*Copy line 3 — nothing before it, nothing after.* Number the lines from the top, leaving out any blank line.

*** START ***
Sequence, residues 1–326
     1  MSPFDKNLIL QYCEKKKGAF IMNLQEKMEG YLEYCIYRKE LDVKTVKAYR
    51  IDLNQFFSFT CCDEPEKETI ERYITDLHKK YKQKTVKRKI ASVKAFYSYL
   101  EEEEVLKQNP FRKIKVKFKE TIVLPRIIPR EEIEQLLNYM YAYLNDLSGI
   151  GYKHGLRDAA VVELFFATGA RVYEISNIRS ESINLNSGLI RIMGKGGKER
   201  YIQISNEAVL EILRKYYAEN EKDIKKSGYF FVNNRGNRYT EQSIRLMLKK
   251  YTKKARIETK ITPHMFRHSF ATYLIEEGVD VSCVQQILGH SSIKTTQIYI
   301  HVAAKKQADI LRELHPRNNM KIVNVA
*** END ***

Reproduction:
    51  IDLNQFFSFT CCDEPEKETI ERYITDLHKK YKQKTVKRKI ASVKAFYSYL